By Aaron Jennings, Business Development Manager at Pointer Brand Protection
In recent years, higher education institutions around the world have dramatically increased their commercial presence. The competition to attract new students has demanded that institutions show continuous improvement in teaching, research, and the provision of facilities, the cost of which has been met partly by increased marketization. One of the biggest growth areas for universities needing to generate extra revenue to meet these costs has been the exploitation of intellectual property (IP) rights through licensing programs. In 2017, the US-based Collegiate Licensing Company reported annual merchandise sales of university-branded products totalling $4.62 billion. By developing their brand identities on a wide range of products, universities have created important streams of income that sit alongside government funding and tuition fees.
As with many other industries, however, the ability to create value through the use of crests, names, and other IP rights has been eroded by IP infringement and counterfeiting. This article on counterfeits in higher education for 2020 examines the damage currently being done to the higher education sector by the production and sale of unofficial university-branded products.
On global marketplaces, social media accounts, and websites, there are thousands of listings for fake products which use the names and trademarks of universities. Counterfeiting costs the global economy an estimated $461 billion a year, but the higher education sector does not receive any special attention for its losses. We think it’s time this issue was addressed.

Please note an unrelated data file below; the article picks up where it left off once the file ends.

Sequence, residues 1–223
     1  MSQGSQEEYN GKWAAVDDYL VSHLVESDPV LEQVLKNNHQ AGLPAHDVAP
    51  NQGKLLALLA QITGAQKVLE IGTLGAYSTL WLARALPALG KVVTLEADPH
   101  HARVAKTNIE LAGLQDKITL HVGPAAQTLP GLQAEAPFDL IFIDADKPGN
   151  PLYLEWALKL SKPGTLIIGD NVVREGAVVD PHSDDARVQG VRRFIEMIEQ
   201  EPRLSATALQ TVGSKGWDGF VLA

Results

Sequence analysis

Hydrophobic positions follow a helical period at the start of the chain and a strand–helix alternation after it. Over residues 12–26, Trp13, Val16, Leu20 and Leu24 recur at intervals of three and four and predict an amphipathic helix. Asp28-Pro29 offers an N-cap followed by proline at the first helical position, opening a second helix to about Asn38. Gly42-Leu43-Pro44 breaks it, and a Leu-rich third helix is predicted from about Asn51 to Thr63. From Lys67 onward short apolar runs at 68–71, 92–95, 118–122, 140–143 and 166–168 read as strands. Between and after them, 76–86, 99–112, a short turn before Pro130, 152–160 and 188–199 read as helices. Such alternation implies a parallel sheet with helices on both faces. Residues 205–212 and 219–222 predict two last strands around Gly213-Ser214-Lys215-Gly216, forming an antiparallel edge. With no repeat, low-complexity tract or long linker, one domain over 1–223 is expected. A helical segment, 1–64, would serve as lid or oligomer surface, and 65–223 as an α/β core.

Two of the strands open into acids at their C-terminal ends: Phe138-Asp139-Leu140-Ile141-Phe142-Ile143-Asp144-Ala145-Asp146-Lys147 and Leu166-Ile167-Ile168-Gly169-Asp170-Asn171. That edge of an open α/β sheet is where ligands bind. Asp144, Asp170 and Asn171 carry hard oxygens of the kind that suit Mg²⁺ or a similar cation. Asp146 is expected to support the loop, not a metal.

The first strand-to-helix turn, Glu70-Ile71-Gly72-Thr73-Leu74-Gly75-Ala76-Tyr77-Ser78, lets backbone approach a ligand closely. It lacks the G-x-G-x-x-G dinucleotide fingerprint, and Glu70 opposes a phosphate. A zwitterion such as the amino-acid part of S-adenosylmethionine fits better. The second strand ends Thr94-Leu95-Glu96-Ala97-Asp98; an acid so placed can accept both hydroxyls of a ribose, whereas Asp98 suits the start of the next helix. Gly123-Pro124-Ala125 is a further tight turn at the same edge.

- the importance of commercial income to universities
- how fake goods directly damage revenues through intellectual property infringement
- how universities and other higher education institutions can protect themselves, their commercial partners, and their consumers
Collegiate Licensing and Income Generation
In the US, collegiate licensing is more developed than in other countries, with college sports teams feeding the $4.62 billion earned from sales of official merchandise. The product ranges rival those of professional sports teams, and the money earned would be enviable in most sporting leagues. From bowties to USB chargers, branded products are such big business that colleges even have extremely lucrative tie-ins with major sportswear and apparel manufacturers. Approval was also granted in late 2019 for US college athletes to sign endorsement deals and accept sponsorships from brands. This will likely serve to further increase the profile of individuals but also the university colors they wear.
While the sports brands and clothing manufacturers who already have brand protection strategies may protect certain elements of the revenue generated by higher education merchandise, the application of IP goes far beyond just their products. This means that as the names and trademarks of universities spread further afield, their IP is likely to be infringed on a much wider scale than can be protected through partnerships with sportswear brands.